Submitted June 7, 2013.
[Copyrighted Material Omitted]
[Copyrighted Material Omitted]
Arlen Porter Smith filed the briefs pro se.
Ellen F. Rosenblum, Attorney General, Anna M. Joyce, Solicitor General, and Matthew J. Lysne, Assistant Attorney General, filed the brief for respondent.
Before ARMSTRONG, Presiding Judge, and NAKAMOTO and EGAN, Judge.
[259 Or.App. 13] In this proceeding pursuant to ORS 183.400(1), petitioner challenges the validity of what he contends are administrative rules adopted by respondent Two Rivers Correctional Institution (TRCI). We dismiss some of petitioner's challenges and hold some of the challenged material invalid.
Our review under ORS 183.400 is limited in scope to " the face of the rule and the law pertinent to it." AFSCME Local 2623 v. Dept. of Corrections, 315 Or. 74, 79, 843 P.2d 409 (1992); see also ORS 183.400(3) (in facial rule challenge, court may examine only the rule, statutory provisions authorizing the rule, and documents bearing on compliance with rulemaking procedures). We may declare a rule invalid only if we conclude that the rule violates constitutional provisions, exceeds the agency's statutory authority, or was adopted without compliance with applicable rulemaking procedures. ORS 183.400(4); Estes v. Dept. of Corrections, 210 Or.App. 399, 401, 150 P.3d 1088, rev. den., 342 Or. 523, 156 P.3d 69 (2007). Here, petitioner asserts as the basis for his challenge only the last ground, viz., failure to comply with applicable rulemaking procedures.
Petitioner initially filed a petition for judicial review challenging the " Two Rivers Correctional Institution Medium Housing Unit Regulations" (TRCI housing unit regulations). We assigned that proceeding case number A147284. Petitioner then expanded his challenge to include an excerpt from an Oregon Department of Corrections newsletter (ODOC newsletter) that discussed an upcoming change to the " Rule on Mail (Inmate)" related to " clippings and copies displaying nude subjects."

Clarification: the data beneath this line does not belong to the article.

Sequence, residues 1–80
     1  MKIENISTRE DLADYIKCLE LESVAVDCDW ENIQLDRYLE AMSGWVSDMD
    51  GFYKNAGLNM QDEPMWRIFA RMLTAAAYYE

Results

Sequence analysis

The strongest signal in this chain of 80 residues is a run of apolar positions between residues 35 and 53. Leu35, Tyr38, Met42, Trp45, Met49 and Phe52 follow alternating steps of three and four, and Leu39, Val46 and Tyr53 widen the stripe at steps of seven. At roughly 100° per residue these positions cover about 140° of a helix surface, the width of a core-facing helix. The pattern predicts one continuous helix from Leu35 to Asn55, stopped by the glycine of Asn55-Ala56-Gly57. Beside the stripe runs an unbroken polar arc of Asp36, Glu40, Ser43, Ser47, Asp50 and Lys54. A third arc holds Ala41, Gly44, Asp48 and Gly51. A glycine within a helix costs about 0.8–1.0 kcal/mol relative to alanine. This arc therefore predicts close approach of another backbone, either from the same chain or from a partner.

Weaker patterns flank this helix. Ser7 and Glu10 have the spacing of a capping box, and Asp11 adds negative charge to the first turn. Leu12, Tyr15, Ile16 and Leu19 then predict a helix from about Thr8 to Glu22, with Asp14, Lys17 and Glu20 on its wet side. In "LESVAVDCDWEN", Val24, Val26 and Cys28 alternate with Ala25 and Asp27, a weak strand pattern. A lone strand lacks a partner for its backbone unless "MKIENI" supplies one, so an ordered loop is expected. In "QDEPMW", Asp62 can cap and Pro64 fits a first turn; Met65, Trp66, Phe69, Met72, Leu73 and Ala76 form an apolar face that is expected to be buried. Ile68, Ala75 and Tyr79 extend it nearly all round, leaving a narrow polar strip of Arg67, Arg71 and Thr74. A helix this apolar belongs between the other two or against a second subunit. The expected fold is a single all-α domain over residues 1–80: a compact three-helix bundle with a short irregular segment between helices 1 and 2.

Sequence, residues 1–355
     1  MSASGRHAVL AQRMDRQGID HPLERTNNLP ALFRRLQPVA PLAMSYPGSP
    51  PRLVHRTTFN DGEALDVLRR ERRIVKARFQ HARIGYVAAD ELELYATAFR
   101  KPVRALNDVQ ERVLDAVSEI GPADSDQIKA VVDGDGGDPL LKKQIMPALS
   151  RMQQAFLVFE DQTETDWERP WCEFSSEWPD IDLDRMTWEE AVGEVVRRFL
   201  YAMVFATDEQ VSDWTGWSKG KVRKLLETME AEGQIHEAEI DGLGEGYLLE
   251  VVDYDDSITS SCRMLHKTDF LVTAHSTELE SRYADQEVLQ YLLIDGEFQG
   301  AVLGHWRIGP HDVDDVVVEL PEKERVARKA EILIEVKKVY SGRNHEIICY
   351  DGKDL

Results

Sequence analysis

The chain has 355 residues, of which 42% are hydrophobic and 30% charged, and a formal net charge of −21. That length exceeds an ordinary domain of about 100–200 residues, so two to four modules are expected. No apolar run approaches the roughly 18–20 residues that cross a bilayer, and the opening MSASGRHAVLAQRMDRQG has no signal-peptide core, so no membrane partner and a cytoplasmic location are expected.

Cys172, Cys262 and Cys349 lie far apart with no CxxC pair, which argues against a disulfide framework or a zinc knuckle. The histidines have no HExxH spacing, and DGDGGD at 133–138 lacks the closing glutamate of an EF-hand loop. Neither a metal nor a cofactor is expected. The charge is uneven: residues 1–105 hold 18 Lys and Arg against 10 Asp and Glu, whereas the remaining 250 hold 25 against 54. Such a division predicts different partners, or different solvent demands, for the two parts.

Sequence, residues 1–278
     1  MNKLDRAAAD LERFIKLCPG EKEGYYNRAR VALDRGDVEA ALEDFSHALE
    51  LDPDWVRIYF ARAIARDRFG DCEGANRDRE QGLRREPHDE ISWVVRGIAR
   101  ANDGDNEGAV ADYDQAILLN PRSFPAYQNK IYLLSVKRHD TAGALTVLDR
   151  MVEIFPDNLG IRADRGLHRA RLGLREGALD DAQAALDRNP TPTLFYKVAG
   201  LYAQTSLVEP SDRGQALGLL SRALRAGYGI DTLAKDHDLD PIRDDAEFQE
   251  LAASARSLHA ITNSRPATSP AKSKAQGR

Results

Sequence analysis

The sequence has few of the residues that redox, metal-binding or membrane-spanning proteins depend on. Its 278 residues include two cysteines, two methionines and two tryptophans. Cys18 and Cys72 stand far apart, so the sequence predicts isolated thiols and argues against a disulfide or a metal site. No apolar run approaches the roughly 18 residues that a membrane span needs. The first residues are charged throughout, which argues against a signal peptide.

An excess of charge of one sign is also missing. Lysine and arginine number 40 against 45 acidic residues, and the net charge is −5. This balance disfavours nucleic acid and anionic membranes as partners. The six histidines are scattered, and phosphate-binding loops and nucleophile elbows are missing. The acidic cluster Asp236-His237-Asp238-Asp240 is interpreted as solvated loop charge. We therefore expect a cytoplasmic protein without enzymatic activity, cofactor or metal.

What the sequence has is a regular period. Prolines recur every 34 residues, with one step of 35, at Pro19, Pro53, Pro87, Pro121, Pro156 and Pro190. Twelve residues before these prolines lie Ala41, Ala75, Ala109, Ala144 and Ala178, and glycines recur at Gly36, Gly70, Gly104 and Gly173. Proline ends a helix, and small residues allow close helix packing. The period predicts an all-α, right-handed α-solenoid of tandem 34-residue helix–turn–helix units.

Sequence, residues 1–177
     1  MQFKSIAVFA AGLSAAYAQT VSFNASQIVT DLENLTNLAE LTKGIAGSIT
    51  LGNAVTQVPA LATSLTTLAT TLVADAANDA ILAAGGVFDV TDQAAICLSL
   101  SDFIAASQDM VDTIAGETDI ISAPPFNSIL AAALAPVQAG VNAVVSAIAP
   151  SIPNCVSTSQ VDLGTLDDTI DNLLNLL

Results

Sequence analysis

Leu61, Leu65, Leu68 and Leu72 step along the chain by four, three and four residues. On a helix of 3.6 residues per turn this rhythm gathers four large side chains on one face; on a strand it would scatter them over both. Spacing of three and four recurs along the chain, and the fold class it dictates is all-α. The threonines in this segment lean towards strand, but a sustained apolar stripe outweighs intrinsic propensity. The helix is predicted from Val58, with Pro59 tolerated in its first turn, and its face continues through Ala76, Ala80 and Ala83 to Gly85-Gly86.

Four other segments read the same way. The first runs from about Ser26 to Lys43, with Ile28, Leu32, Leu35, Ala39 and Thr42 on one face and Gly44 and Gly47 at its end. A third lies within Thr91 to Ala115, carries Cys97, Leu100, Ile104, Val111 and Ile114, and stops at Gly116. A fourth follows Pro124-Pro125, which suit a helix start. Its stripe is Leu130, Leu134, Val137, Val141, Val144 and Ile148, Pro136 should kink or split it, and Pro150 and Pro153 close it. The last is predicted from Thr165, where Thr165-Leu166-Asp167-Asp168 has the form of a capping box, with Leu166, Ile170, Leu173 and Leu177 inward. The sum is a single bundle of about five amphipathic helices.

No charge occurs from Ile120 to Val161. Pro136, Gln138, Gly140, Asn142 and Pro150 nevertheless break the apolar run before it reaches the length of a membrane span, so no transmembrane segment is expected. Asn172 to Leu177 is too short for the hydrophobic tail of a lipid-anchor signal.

In August 2012, TRCI replaced the TRCI housing unit regulations with " housing unit guidelines" (TRCI housing unit guidelines). TRCI then moved to dismiss the proceeding in case number A147284 on the ground that it had withdrawn the TRCI housing unit regulations and, therefore, the proceeding was moot. The Appellate Commissioner granted TRCI's motion to dismiss petitioner's challenge to the TRCI housing unit regulations. However, the Appellate [259 Or.App. 14] Commissioner noted that the ODOC newsletter appeared to cover a topic— possession of images of nude subjects— not covered by the TRCI housing unit regulations. Accordingly, the Appellate Commissioner concluded that the withdrawal of the TRCI housing unit regulations did not render moot petitioner's challenge to the ODOC newsletter and denied TRCI's motion to dismiss as to that challenge. The Chief Judge granted reconsideration of the Appellate Commissioner's ruling on TRCI's motion to dismiss as to petitioner's challenge to the ODOC newsletter but deferred its disposition to this department, as the department considering the proceeding on its merits.